Iª q. 116 a. 3 co. Respondeo dicendum quod dispositio secundarum causarum, quam fatum dicimus, potest dupliciter considerari, uno modo, secundum ipsas causas secundas, quae sic disponuntur seu ordinantur; alio modo, per relationem ad primum principium a quo ordinantur, scilicet Deum. Quidam ergo posuerunt ipsam seriem seu dispositionem causarum esse secundum se necessariam, ita quod omnia ex necessitate contingerent; propter hoc, quod quilibet effectus habet causam, et causa posita necesse est effectum poni. Sed hoc patet esse falsum, per ea quae supra dicta sunt. Alii vero e contrario posuerunt fatum esse mobile, etiam secundum quod a divina providentia dependet. Unde Aegyptii dicebant quibusdam sacrificiis fatum posse mutari, ut Gregorius Nyssenus dicit. Sed hoc supra exclusum est, quia immobilitati divinae providentiae repugnat. Et ideo dicendum est quod fatum, secundum considerationem secundarum causarum, mobile est, sed secundum quod subest divinae providentiae, immobilitatem sortitur, non quidem absolutae necessitatis, sed conditionatae; secundum quod dicimus hanc conditionalem esse veram vel necessariam, si Deus praescivit hoc futurum, erit. Unde cum Boetius dixisset fati seriem esse mobilem, post pauca subdit, quae cum ab immobilis providentiae proficiscatur exordiis, ipsam quoque immutabilem esse necesse est. I answer that, The disposition of second causes which we call fate, can be considered in two ways: firstly, in regard to the second causes, which are thus disposed or ordered; secondly, in regard to the first principle, namely, God, by Whom they are ordered. Some, therefore, have held that the series itself or dispositions of causes is in itself necessary, so that all things would happen of necessity; for this reason that each effect has a cause, and given a cause the effect must follow of necessity. But this is false, as proved above (115, 6). Others, on the other hand, held that fate is changeable, even as dependent on Divine Providence. Wherefore the Egyptians said that fate could be changed by certain sacrifices, as Gregory of Nyssa says (Nemesius, De Homine). This too has been disproved above for the reason that it is repugnant to Divine Providence. We must therefore say that fate, considered in regard to second causes, is changeable; but as subject to Divine Providence, it derives a certain unchangeableness, not of absolute but of conditional necessity. In this sense we say that this conditional is true and necessary: "If God foreknew that this would happen, it will happen." Wherefore Boethius, having said that the chain of fate is fickle, shortly afterwards adds--"which, since it is derived from an unchangeable Providence must also itself be unchangeable."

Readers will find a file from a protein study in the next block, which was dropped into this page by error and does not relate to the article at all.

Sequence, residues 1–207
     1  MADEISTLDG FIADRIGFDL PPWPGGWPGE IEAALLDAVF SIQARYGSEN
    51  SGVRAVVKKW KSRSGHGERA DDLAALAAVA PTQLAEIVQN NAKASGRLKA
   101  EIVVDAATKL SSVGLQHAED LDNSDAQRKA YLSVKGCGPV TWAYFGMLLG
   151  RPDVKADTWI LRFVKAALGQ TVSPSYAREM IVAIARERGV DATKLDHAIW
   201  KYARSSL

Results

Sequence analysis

Iª q. 116 a. 3 ad arg. Et per hoc patet responsio ad obiecta. From this the answers to the objections are clear.